Retrofit your wood-burning fireplace with the safety of glass doors
A cozy fire on a cold night is a delight. But it loses its charm when you must wait for it to burn out before heading to bed. A wood fire left untended isn’t safe. Unlike a gas fireplace, which can be switched off, the only way to leave a wood fire is to close it off with glass doors.
Most new fireplaces come with glass doors. But if you want to add this safety feature to an existing fireplace, retrofitting them isn’t difficult. The doors come in standard sizes that fit in any flat firebox opening.
We asked Justin Calemmo, of Five Sons Chimney Service in Brookfield, Connecticut, to show how to retrofit new doors on an old fireplace. Our 1848 fireplace has a surround that’s undersized, so the glass doors make it safer by blocking the fire from the too close wood floor and mantel.
Glass Fireplace Doors Overview
Installing a fireplace door is simply a matter of fitting the door unit into the firebox opening and attaching it to the masonry. The process is fairly simple when you’re dealing with a squared-off brick firebox. If you have a firebox made of rough-textured material, such as fieldstone, you won’t be able to use a standard door because it can’t overlap the opening’s edge.
If you’re dealing with an older fireplace, you’ll want to be watchful when drilling into the brick, in case it’s brittle.
Attach lintel clamps to door
Stand the door on its bottom edge and either lean it against your leg as you work or have a helper hold it for you.
With a Phillips-head screwdriver, remove the four screws located on the back of the door where the floor brackets (bottom) and lintel clamps (top) will go. Set these aside; you will need them later to attach the brackets and clamps.
Assemble the two lintel clamps and attach them to the door at the top.
Adjust the clamps
As you tighten the screws that hold the lintel clamps to the upper, rear frame of the doors, note that the screws fit into a slot milled in the clamps. This slot allows you to adjust the clamps up or down to precisely align them with the underside of the lintel that runs across the top of the firebox opening.
Next, screw the two L-shaped floor brackets in place at the bottom of the door.
Tip: Never lay the glass-door unit on its front or you will damage the doors.
Mark for screw holes
Carefully fit the door into the firebox opening, making sure not to scratch the finish. Align the unit snugly into the opening.
Hang a droplight inside the firebox to light your work.
Holding the unit in place, reach inside to mark where the bottom brackets meet the floor of the firebox. Use a thick marker, such as a Sharpie, and mark through the grooves in the brackets.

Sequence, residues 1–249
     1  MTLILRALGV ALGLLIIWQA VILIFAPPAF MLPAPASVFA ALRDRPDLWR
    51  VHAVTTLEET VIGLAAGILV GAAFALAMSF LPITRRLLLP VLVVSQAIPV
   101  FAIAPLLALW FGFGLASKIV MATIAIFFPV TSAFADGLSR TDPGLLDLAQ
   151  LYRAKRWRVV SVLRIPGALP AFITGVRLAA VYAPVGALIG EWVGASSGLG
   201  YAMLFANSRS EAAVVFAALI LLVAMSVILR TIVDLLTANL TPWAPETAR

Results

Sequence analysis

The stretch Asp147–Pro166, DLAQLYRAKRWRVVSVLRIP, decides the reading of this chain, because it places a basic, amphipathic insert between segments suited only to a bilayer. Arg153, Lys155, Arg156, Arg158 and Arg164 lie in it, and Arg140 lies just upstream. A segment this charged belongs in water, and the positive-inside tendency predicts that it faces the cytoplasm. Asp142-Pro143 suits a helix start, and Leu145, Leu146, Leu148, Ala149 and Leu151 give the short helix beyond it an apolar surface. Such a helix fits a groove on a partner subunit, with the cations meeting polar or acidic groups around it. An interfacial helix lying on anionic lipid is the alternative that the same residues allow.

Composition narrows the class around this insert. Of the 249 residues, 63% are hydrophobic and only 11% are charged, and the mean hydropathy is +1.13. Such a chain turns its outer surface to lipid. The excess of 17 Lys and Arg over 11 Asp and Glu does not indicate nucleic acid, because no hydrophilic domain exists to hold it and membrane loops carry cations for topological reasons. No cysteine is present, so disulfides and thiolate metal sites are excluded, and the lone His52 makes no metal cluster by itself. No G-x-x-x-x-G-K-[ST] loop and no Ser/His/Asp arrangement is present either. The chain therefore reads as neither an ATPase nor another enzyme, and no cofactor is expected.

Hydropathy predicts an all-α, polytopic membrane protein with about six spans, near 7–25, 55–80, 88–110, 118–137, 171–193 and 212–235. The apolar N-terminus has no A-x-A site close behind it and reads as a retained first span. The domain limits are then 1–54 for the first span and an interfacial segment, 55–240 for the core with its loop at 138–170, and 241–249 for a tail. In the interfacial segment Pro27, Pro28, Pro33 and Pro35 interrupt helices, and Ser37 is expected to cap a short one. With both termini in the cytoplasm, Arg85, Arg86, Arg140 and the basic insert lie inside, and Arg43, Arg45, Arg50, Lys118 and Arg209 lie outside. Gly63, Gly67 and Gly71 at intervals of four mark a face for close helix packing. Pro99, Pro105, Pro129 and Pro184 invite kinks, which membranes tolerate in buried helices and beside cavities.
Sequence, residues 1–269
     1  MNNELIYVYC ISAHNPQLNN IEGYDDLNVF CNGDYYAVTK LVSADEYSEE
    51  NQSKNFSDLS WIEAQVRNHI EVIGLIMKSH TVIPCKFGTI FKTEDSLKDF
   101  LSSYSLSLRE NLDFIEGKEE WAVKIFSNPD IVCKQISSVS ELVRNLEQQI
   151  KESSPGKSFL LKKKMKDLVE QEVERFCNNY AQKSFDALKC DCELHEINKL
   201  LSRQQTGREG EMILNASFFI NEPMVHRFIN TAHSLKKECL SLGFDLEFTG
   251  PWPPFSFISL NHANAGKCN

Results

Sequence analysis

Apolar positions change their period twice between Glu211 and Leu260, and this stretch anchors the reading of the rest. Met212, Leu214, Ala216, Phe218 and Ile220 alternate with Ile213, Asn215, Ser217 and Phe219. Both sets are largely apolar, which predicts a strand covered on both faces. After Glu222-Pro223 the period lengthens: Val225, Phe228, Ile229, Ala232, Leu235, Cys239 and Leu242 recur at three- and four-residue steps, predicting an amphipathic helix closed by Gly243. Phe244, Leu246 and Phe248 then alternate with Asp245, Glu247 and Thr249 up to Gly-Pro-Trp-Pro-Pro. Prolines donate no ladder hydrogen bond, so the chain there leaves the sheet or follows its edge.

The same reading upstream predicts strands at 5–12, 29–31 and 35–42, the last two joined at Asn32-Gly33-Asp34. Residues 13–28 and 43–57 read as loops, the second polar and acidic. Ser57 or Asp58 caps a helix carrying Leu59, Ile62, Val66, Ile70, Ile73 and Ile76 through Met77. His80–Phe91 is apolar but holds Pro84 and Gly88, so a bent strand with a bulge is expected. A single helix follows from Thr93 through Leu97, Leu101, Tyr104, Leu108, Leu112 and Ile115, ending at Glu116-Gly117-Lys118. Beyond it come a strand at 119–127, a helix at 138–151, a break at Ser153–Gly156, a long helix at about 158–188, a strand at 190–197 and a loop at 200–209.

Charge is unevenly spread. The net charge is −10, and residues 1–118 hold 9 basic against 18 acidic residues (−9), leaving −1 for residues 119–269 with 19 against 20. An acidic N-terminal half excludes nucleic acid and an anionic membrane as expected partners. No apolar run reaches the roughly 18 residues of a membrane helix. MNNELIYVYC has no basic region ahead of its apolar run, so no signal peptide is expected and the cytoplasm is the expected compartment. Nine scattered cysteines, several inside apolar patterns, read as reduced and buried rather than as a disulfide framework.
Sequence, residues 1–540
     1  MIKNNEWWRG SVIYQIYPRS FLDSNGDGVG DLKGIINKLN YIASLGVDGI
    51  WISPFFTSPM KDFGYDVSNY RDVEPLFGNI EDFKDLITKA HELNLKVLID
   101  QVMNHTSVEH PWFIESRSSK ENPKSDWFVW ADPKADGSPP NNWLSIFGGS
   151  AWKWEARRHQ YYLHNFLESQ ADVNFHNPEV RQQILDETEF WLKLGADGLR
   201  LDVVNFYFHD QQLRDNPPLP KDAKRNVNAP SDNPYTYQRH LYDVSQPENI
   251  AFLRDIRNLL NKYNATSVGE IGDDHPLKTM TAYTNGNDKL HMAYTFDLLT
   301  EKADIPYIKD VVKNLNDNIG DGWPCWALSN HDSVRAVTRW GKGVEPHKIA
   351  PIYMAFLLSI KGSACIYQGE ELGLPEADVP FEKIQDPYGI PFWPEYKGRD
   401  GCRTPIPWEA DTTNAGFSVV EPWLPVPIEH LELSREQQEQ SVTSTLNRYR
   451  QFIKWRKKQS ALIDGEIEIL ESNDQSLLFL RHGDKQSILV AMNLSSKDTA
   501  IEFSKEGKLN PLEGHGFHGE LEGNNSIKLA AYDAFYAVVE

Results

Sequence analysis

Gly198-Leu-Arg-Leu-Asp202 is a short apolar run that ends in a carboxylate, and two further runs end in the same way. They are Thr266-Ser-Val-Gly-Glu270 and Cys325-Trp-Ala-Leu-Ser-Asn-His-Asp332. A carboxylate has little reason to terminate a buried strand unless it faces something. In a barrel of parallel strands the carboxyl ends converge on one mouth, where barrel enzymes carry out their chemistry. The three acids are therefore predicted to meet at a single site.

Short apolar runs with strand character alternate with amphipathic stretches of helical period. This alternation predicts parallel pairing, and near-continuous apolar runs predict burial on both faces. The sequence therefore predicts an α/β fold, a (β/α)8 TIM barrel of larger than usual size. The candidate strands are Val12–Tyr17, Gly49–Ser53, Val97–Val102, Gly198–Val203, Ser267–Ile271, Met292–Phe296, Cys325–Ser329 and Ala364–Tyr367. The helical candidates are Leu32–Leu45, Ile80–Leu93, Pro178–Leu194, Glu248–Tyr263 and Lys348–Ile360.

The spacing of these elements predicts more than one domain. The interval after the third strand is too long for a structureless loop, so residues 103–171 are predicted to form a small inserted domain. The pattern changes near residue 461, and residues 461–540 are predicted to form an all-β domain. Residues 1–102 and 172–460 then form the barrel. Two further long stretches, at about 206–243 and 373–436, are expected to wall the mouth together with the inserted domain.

Drill holes for lead anchors
Carefully remove the door from the firebox and set it aside.
Using a drill/driver fitted with a 5/16-inch masonry bit, drill a 2-inch-deep hole at each of the two bracket marks.
Insert lead anchors for screws
Use a wet/dry vacuum to pick up the dust left from drilling the holes. Be sure to vacuum out the dust in the holes, too.
Using a hammer, gently tap a lead anchor into each hole until it’s flush with the surface of the surrounding brick.
Tip: Always drill into brick, not mortar, which crumbles easily and won’t hold the anchor. Make sure to drill straight down or you may have trouble getting the screw into the hole.
Put on a pair of gloves and unrollthe fiberglass insulation that comes with the door. Tear off pieces to fit into the channels at the two sides and the top of the unit.
Stuff the insulation into all three channels. Don’t worry about keeping the fiberglass fluffy, as you would with wall insulation—it’s mainly there to seal the door and keep smoke from seeping out, and to protect any finish on the door frame from the heat.
Screw door to firebox floor
Carefully slide the door into the firebox opening. Check that no insulation is sticking out around the edge of the frame.
Make sure the door is flush to the face of the firebox. Reach inside and twist sheet-metal screws through the bottom brackets and into the lead anchors.
Using a socket wrench, tighten the screws to secure the unit to the brick.
Tip: Be careful not to tighten the screws too much or you may loosen the anchor in the brick or break off the head of the screw.
Clamp door to lintel
Finger-tighten the thumbscrew to clamp the hardware onto the lintel. When you can’t turn the thumbscrew anymore, use a pair of pliers to give it another quarter-turn.
Tip: Don’t tighten the thumbscrew too hard or you will bend the clamp.